The Ministry of Agriculture and Food is conducting two new actions to conserve the diversity of the genetic heritage of cultivated plants (plant genetic or phytogenetic resources).

The launching of a call for proposals, in Sept. 2017, allows to support initiatives concerning the profiling and sustainability of collections of phytogenetic resources of cultivated plants. This call for projects is provided with €300,000 to distribute. These credits from the Ministry of Agriculture and Food complement the methods already implemented by the Ministry since 2015 to create a team dedicated to structuring the conservation of these essential resources.

In total, 80 types of eggplant, 603 varieties of oats and 36 types of triticale (a hybrid of wheat and rye), managed by the French Institute of Agronomic Research and belonging to national French collection, have been granted to the common pool set up by the International Treaty on Plant Genetic Resources for Food and Agriculture. These varieties will then be able to be easily accessed by any user in research or selection interested in them at the international level.

Additionally, the French seed sector is providing support to this commitment in favor of the preservation of plant genetic resources with a significant annual financial contribution that will help with genetic diversity conservation efforts.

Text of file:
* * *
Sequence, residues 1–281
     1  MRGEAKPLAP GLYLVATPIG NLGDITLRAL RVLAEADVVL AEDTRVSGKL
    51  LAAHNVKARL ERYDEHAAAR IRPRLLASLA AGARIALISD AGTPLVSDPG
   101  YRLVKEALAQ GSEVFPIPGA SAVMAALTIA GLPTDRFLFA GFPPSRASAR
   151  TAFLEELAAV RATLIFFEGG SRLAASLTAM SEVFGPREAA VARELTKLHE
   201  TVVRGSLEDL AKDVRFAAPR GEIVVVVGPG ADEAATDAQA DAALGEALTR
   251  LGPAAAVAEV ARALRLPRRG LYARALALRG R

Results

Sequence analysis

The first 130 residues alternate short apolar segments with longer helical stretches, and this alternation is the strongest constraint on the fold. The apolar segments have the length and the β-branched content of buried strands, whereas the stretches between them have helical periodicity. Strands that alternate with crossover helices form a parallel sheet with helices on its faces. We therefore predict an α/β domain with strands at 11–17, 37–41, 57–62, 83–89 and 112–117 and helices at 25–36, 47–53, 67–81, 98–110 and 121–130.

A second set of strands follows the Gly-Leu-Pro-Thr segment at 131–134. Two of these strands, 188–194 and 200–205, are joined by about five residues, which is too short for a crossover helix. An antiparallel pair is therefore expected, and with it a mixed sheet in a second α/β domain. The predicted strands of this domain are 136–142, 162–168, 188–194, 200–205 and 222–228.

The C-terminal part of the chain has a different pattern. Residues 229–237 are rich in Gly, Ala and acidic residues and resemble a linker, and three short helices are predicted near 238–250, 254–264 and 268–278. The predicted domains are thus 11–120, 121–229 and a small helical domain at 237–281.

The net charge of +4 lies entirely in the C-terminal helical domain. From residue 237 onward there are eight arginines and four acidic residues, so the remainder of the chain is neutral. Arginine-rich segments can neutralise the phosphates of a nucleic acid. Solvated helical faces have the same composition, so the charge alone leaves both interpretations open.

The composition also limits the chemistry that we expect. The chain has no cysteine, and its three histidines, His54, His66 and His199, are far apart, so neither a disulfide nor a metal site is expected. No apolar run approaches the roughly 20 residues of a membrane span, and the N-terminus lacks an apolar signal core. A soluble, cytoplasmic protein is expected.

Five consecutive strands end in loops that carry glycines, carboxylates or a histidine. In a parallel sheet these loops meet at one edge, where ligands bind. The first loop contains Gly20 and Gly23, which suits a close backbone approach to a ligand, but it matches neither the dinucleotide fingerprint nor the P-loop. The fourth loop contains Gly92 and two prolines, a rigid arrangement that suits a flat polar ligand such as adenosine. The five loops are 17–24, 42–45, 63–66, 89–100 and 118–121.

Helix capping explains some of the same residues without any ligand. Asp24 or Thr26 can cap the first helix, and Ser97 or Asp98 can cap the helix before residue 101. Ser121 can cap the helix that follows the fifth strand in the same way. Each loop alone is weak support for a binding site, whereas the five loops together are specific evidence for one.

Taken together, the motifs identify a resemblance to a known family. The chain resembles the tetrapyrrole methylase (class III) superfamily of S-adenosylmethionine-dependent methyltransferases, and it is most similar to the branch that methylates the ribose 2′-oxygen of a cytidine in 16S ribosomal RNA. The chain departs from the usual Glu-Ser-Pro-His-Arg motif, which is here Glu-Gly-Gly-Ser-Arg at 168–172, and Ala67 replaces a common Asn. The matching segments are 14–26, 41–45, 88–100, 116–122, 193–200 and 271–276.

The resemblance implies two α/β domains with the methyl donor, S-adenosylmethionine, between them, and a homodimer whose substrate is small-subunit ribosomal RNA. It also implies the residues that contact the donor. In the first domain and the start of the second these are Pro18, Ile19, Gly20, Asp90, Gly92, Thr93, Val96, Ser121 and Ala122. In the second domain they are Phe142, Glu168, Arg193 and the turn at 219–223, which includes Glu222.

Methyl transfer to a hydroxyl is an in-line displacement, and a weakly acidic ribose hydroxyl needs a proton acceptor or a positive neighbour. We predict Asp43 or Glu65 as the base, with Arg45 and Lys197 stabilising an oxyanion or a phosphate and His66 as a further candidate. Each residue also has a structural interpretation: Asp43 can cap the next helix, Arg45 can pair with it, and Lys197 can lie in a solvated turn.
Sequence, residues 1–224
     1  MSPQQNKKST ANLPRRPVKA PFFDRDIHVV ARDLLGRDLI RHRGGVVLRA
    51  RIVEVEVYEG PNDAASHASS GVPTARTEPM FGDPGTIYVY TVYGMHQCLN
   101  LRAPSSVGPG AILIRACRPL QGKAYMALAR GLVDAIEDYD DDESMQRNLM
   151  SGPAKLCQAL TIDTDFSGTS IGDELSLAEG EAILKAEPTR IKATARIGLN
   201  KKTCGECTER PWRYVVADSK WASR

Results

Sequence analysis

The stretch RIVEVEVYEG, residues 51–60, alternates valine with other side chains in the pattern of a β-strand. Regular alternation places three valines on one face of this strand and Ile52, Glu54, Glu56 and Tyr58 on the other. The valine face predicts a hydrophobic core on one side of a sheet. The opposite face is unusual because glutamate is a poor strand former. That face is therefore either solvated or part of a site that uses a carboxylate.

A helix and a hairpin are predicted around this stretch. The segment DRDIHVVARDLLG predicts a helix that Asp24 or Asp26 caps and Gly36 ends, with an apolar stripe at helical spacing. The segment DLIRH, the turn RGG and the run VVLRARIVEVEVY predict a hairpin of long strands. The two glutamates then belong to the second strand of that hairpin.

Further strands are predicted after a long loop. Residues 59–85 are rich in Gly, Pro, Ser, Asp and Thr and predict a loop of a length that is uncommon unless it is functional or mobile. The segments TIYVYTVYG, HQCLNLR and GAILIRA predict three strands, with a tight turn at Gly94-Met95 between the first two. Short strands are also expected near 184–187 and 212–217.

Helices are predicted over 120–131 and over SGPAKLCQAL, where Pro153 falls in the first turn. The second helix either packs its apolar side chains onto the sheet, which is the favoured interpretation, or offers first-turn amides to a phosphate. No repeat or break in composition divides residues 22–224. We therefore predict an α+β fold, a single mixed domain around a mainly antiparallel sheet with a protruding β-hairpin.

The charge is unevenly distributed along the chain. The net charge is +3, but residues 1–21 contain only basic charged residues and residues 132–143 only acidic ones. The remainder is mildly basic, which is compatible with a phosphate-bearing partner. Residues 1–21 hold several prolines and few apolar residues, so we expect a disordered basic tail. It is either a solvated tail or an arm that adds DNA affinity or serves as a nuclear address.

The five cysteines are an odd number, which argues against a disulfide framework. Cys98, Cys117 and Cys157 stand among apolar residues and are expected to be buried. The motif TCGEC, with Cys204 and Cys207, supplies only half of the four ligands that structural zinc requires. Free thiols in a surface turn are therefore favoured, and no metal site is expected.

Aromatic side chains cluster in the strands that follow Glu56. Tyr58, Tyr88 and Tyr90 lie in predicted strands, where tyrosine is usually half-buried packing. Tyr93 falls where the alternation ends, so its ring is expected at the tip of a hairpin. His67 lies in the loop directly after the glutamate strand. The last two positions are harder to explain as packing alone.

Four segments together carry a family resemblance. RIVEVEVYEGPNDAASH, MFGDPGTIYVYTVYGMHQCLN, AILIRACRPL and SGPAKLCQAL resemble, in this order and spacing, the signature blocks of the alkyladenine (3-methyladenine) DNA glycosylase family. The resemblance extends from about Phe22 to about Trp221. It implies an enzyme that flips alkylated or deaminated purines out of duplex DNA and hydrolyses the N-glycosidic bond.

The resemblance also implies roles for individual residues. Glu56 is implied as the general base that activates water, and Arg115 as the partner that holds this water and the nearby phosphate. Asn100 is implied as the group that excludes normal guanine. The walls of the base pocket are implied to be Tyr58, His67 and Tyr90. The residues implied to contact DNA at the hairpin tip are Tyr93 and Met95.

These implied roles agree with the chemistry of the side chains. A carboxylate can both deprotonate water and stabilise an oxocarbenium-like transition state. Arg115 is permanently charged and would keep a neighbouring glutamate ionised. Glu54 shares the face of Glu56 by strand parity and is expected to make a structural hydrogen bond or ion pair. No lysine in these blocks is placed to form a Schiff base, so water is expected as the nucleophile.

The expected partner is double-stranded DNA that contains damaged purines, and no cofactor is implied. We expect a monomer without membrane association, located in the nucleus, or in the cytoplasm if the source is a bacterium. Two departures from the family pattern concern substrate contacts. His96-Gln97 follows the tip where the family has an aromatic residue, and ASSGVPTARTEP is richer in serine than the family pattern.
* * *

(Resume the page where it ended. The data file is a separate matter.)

As part of this, French Minister of Agriculture Stéphane Travert commended this commitment, which constitutes the first voluntary contribution of a national seed sector to the international treaty.

Minister Travert said that “France grants a high level of importance to this treaty, which is indispensable for meeting the sustainable development objectives of the 2030 Agenda of the United Nations.”

Varietal and seed production innovation plays a dominant role in maintaining competition and environmental performance in agriculture, by strongly relying on the plant varieties available and plant genetic resources. The issue of conservation is indeed to guarantee the availability of cultivated biodiversity for the future and in particular to contribute to the adaptation of agriculture to climate change. France ratified the International Treaty on Plant Genetic Resources for Food and Agriculture, which entered into force in 2004 and which aims to conserve and sustainably use plant genetic resources for food and agriculture, and which created a common pool of plant genetic resources.